Bacchae: Prelude to a Purge

Marlene Monteiro Freitas (Lisbon)

18 – 19 Jun

Sadler's Wells

Accessibility:

  • The post-show talk will be BSL interpreted on Tuesday 18 June

 

Content Warning:

The production features strobe effects, loud music and a video showing childbirth/labour

A raucous and absurd carnival processes onstage to the sounds of Brazilian funk, clown antics, pop, and Ravel’s Boléro.

In this wildly delirious work, Cape Verde-born, Lisbon-based choreographer and performance artist Marlene Monteiro Freitas dares you to traverse the order and wild chaos of Euripides—and ultimately, the depths of the human psyche.

In 2017, Marlene was acknowledged by the government of Cape Verde for her cultural achievement. In 2018, she created Canine Jaunâtre 3 for Batsheva Dance Company and was awarded the Silver Lion award for dance at the Venice Biennale.

Artist

Five trumpeters and eight dancers scream, sing, and don masks, eventually joining in a mad, mesmerizing rendition of Ravel’s Boléro. Half carnival, half decadent variety show, this seductive “Bacchae” embodies the Dionysian spirit that drives the play, dark side and all.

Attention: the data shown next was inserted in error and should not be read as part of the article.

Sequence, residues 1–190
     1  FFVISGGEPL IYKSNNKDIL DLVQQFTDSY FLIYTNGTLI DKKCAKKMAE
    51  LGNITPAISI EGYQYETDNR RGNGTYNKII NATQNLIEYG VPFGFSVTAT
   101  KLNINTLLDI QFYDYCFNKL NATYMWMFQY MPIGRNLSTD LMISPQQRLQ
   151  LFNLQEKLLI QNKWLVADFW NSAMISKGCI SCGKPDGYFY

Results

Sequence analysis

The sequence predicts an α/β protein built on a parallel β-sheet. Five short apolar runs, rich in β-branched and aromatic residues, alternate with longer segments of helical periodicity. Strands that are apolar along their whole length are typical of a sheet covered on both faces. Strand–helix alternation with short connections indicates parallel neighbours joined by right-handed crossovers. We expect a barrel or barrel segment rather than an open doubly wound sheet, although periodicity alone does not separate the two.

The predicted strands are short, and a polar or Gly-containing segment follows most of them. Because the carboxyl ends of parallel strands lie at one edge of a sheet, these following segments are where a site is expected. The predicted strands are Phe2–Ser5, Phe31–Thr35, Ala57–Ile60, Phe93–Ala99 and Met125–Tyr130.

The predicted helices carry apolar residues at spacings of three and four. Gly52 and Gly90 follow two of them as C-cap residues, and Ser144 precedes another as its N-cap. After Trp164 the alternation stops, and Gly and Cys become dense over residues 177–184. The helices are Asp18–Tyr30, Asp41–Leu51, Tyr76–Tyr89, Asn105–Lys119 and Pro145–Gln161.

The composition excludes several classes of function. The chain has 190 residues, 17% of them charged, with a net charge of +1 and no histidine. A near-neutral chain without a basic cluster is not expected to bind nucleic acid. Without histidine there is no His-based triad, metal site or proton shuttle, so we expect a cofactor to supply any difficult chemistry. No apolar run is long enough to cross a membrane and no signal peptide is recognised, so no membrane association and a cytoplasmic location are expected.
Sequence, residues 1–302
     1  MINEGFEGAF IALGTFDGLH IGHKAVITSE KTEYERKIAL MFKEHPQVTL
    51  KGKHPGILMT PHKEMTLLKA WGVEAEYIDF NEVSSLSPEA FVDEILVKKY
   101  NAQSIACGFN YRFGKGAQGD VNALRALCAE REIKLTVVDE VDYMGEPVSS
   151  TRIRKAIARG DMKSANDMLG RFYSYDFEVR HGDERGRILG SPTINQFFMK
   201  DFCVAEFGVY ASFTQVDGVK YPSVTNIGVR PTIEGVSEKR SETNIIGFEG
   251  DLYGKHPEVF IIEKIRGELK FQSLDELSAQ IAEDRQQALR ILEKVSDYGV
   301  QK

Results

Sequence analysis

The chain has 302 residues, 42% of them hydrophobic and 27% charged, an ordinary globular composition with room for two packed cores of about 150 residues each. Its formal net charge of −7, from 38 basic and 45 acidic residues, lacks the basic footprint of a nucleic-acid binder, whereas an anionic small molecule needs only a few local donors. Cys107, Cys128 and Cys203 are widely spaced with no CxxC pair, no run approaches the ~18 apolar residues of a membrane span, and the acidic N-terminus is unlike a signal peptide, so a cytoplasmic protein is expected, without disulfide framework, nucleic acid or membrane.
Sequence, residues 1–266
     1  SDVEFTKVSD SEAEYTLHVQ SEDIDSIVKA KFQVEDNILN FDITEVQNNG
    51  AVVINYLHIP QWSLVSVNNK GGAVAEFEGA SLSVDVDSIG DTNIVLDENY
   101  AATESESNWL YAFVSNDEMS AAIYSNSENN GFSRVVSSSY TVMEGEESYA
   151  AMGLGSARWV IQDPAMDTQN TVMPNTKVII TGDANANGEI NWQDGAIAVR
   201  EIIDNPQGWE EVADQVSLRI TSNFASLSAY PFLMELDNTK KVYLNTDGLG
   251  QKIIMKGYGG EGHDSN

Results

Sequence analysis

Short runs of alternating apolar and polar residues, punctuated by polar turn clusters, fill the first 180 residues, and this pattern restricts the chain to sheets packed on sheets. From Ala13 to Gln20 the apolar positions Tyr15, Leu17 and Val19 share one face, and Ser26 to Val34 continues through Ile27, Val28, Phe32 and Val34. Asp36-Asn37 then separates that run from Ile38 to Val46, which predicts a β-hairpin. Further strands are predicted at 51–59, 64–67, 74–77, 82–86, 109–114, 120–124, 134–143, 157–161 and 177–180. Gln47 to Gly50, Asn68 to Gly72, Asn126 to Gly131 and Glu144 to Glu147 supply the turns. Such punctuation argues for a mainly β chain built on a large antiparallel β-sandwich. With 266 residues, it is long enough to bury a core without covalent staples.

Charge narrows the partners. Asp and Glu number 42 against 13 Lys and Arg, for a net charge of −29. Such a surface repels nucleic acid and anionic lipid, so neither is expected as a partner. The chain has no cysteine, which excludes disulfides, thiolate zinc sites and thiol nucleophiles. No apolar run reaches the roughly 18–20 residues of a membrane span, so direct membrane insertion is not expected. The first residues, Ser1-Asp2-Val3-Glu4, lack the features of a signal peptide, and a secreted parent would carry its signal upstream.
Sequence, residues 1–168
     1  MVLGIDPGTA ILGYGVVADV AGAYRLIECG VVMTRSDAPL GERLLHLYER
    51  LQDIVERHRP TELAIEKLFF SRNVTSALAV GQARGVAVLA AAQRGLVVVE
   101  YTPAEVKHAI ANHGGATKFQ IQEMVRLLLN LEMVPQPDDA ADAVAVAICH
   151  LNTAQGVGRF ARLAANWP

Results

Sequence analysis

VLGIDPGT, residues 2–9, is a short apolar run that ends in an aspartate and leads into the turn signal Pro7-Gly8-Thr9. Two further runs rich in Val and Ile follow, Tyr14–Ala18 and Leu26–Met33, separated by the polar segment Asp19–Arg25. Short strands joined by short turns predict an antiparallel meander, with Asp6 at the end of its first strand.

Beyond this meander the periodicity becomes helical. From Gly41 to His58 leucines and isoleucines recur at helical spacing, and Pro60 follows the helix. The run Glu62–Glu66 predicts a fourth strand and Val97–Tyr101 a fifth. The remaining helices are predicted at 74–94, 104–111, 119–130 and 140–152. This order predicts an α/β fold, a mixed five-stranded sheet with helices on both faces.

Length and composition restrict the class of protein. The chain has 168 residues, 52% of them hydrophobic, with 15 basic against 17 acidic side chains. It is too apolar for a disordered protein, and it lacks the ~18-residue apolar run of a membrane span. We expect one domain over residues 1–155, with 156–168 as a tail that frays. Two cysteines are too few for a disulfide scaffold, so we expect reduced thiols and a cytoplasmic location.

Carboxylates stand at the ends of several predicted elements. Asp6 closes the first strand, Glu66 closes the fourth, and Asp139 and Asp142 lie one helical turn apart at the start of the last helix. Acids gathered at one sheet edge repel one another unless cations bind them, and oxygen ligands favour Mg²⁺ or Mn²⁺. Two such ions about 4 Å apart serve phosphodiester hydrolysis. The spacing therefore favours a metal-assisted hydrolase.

— Marina Harss (The New Yorker)

Credits

Choreography Marlene Monteiro Freitas
Set and lighting design Yannick Fouassier
Sound design Tiago Cerqueira
Produced by P.OR.K (Lisbon, PT)
Image Credit © Laurent Philippe

Partner

Where

Sadler's Wells

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Did you know?

Originally created for a ballet and with influences from jazz, Boléro is a repetitive orchestral crescendo composed by Maurice Ravel. While you might not know the name, you’re very likely to have heard this music before. The piece was a universal success when it was released in 1928. It has been described as, “a sinuous and sexy composition with ‘no music in it’”.

Euripides was a famous playwright in Ancient Greece. He wrote a play called The Bacchae, a tragedy based on a Greek myth about the punishment of a king and his mother by the god Dionysus. Also known as Bacchus to the Romans, Dionysus was Greek god of fertility and later came to be god of wine and pleasure. His followers were known as the Bacchae and they often celebrated together in wild, raucous gatherings.